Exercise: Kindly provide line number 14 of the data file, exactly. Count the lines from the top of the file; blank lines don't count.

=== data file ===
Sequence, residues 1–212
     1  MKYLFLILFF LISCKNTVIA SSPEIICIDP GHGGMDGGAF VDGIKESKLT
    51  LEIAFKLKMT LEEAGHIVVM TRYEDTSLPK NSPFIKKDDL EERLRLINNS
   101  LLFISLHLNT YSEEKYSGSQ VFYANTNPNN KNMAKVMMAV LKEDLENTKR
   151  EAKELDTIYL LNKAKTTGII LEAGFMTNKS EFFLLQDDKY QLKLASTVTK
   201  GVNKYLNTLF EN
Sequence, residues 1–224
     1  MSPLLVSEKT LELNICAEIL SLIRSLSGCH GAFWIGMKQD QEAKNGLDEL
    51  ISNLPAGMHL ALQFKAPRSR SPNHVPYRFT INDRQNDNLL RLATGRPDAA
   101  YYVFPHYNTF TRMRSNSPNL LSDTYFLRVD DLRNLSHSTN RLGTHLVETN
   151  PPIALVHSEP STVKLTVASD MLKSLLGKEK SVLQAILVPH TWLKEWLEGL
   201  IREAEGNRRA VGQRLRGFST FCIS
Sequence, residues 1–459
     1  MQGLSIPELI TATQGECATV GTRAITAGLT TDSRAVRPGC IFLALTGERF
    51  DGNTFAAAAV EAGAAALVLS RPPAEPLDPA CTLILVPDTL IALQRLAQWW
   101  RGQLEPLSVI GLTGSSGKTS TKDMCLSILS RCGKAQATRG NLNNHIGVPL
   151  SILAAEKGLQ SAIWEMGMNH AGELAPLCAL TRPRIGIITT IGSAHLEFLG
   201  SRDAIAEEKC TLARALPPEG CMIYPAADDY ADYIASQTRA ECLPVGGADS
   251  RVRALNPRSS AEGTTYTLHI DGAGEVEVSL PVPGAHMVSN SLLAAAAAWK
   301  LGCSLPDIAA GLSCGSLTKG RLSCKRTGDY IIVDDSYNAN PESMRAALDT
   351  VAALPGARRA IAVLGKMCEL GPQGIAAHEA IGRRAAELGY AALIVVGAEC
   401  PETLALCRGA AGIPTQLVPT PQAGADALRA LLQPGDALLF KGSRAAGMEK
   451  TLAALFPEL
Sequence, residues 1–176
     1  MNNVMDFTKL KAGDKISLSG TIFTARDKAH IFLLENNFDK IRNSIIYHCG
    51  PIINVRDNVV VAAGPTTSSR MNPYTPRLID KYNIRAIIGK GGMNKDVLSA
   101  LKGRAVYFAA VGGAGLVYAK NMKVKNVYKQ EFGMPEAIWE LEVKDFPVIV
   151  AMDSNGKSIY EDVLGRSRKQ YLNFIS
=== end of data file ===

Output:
     1  MQGLSIPELI TATQGECATV GTRAITAGLT TDSRAVRPGC IFLALTGERF